Those who watched this play out in the 1990s with the tobacco and gun companies will recognize that a multi-billion dollar settlement of these amassed claims is likely on the horizon. The Financial Times has predicted a “tidal wave” of litigation that will snowball into a global settlement. Once an industry finds itself in a position where it faces a plaintiff at every level of government in nearly every state, cities, towns, counties and states jostle to put their claims into suit to get a piece of the action, “particularly when it doesn’t cost politicians anything,” as Richard Ausness, a professor at the Kentucky College of Law, told the FT.

Which leads to the heart of the question. Any settlement will likely follow the template of the tobacco Master Settlement Agreement, a quarter of a trillion-dollar wealth transfer that bloated state governments, levied unlegislated and cruelly regressive taxes on smokers, and sent $20 billion in unappropriated public money to the state AGs’ favorite donors: the mass-tort trial lawyers who have become government-financed Lawyer Barons.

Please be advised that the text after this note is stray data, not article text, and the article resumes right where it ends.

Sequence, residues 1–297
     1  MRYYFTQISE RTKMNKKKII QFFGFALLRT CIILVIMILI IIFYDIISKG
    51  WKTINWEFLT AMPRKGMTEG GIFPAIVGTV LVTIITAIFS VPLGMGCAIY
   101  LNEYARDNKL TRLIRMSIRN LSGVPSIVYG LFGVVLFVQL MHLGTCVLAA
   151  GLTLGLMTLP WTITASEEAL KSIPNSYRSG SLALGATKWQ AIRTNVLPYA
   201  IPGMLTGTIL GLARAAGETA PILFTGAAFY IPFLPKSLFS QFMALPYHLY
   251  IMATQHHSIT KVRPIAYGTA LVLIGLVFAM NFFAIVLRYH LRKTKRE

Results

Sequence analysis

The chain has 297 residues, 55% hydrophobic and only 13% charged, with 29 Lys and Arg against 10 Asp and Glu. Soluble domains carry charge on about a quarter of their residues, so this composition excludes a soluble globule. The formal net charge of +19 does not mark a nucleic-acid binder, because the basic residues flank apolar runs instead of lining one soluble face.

A similar settlement on opioids would temporarily ease fiscal crises in the many states that have frittered away their tobacco-settlement money; but it would only encourage more such lawless and unlegislated regulation of other targets. Furthermore, it will lead to higher pharmaceutical prices and higher healthcare costs and premiums, in a process that is utterly opaque to the public, taxed without representation to enrich the lawyers (many of them former state Attorneys General stepping into a self-engineered path to personal wealth) and the governments with which they are in league.